Forum Role: Participant
Active Since: April 30, 2018
Topics Started: 0
Replies Created: 15

Forum Replies Created

Viewing 15 posts - 1 through 15 (of 15 total)
  • Debra
    Participant
    Beautifully done!
  • Debra
    Participant
    Upside down drawing was fun because it is challenging. I guess as I was drawing, I was aware that it was a bird but also was looking at how the shapes related to each other. For some reason, I had difficulty sizing this drawing down to fit my smaller nature journal. I had to erase what I started and then kind of put some marks at the edges so I'd know how much space I could take up. Even so, I know the bird's leg is shorter than it should be because I was out of space! So lots of erasures on this one!IMG_8710
  • Debra
    Participant
    I feel gesture drawing is definitely helping . I am noticing details and behaviors that I had never noticed before and also noticing the placement and angles  of various parts of the body. For instance, I noticed that cardinals and tufted titmice almost flatten their tufts when eating. IMG_7295 The more I tried to do this, the more I wanted to keep trying. I never thought I would be able to look at 3D animals and nature and capture what I see on paper. I have only drawn from photos.
  • Debra
    Participant
    Great work! It really looks edible! I also like your printing style.
  • Debra
    Participant
    Awesome sketches. They really "feel" 3 dimensional!
  • Debra
    Participant
    I really like how you did the hatching. Your sketches gave me some good ideas on how to use this technique!
  • Debra
    Participant
    Lovely sketch Tallula. Were these charcoal pencils or graphite?
    in reply to: Jump Right in! #687549
  • Debra
    Participant
    Kathy, I like how you combined ink with the watercolor because you can illustrate finer details. Very pretty. I tried to do mine with all watercolor pencils. Not really sure how they should be used but I could not sharpen them and there were not enough suitable colors to blend to get the shades I wanted.
    in reply to: Jump Right in! #687544
  • Debra
    Participant
    I loved trying to draw the warbler. I like using a photo as a reference. But I am most used to color pencils and was trying to use watercolor pencils for this one, since I thought maybe that's what would be used in the field. I noticed that the bird wasn't really looking sideways, he is somewhat looking toward us and I couldn't capture that. I noticed the black and yellow alternations in his wing feathers and that the steaks on his chest have some redness to them and are uneven.IMG_3361 (1).
    in reply to: Jump Right in! #687530
  • Debra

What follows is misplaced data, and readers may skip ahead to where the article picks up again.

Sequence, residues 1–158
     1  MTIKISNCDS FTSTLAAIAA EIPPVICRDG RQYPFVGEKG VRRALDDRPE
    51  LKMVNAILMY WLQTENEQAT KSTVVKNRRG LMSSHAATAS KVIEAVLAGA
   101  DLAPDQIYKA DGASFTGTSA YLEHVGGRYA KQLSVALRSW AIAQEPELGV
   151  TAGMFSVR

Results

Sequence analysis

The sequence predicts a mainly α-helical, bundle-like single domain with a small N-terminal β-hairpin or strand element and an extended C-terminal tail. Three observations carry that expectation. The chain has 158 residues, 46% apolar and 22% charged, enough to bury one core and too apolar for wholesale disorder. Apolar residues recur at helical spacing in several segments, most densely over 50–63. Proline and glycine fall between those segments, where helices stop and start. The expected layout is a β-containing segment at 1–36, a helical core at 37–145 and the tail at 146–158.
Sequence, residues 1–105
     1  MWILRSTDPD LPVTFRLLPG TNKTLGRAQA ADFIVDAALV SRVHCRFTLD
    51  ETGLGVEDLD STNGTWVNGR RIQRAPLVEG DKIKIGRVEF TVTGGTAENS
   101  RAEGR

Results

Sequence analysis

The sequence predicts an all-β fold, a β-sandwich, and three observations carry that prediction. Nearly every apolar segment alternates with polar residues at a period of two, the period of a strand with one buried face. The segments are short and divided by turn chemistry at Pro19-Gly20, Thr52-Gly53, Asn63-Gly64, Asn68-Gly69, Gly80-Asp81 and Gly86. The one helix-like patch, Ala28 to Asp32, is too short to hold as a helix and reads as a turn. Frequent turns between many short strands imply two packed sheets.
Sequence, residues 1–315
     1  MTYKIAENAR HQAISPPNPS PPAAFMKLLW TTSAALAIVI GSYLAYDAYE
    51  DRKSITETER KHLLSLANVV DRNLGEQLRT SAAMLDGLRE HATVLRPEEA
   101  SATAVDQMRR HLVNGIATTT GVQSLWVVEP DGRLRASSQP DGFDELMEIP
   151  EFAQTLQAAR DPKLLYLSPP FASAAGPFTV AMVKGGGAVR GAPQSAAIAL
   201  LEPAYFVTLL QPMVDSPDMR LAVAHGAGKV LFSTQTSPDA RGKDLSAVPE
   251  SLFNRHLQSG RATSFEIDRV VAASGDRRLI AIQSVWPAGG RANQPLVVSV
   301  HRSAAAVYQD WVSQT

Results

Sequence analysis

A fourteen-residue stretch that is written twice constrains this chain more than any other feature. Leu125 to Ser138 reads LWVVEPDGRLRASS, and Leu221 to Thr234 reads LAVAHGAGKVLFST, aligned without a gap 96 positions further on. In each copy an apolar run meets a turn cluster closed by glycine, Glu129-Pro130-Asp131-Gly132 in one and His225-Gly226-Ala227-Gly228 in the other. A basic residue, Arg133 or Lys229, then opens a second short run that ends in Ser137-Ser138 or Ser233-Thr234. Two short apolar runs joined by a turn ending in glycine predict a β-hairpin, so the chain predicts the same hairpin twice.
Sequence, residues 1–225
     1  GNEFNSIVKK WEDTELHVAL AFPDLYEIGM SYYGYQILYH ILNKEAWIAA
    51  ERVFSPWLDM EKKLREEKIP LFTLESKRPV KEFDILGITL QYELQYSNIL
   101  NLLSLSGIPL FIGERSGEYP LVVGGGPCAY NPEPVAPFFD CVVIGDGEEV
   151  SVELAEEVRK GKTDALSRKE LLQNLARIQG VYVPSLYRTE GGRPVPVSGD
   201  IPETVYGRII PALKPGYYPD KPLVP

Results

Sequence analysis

Participant
    1. I have not seen large flocks of foraging crows, only families I guess. There are only 3-4 in my area right now. 2. I see a large flock of Canada geese at my closest large park. In the past, in an urban area, I used to see flocks of starlings, pigeons and during certain times of the year, grackles with a few red winged blackbirds mixed in.
    in reply to: Life in a Flock #657533
  • Debra
    Participant
    I love your journal! Beautiful , even with no color.
  • Debra
    Participant
    Such a gorgeous piece of art! Wow!
  • Debra
    Participant
    I was inspired by a book about creating mixed media pages about nature and also by following someone on FB who does nature journaling. I love nature, hiking with my dog and photographing what we see, writing narratives to go along with the photos. I am striving to reduce stress and anxiety, and to be more mindful . I never seem to  make time for art. It seems to be a luxury.  So I think nature journaling would be something wonderful I could do that would bring more peace to my life as I reflect on the beauty of nature through art and writing. So, my approach would be to do a combination of art and reflective writing ,along with research. Seeing all of the styles of journaling was very inspirational.  I would use pencil, ink, watercolor crayons, and watercolor .
  • Debra
    Participant
    I like how the team can track individuals and find out how long they live and who they hang out with. To get to know the crows as individuals would be so rewarding, like having an old friend. It is so miraculous to see how the little ones look so helpless and how they change over time. It was so interesting how they are born with blue eyes! Neat to see the bird's eye view from their nests. It makes me wonder how you would tell a squirrel nest from a crow nest.
  • Debra
    Participant
    1. I will tell my neighbor that squirrels and chipmunks are the biggest predators of baby birds and that actually jays and crows are near the bottom of the list , along with deer . 2. I have 3 crows that come to visit in Hamburg Twp., Michigan. They like walking along the middle of the dirt road, maybe pecking for salt in the winter. They will also look around in the leaf litter and under the feeders. I would like to find a nest, but most likely their nest is on private property in the woods beyond my neighbor's home. 3. The raven is not found near me, but maybe I can see one sometime in northern Michigan. I will note that the crow has more rounded features than the raven and 5 longer wing feathers . 4. Owls will use nests left behind by crows. They also warn other birds of hawks, become the prey of larger predators, and help spread seeds. They help keep the food web in check by eating insects and rodents.
    in reply to: What is a Crow? #655322
Viewing 15 posts - 1 through 15 (of 15 total)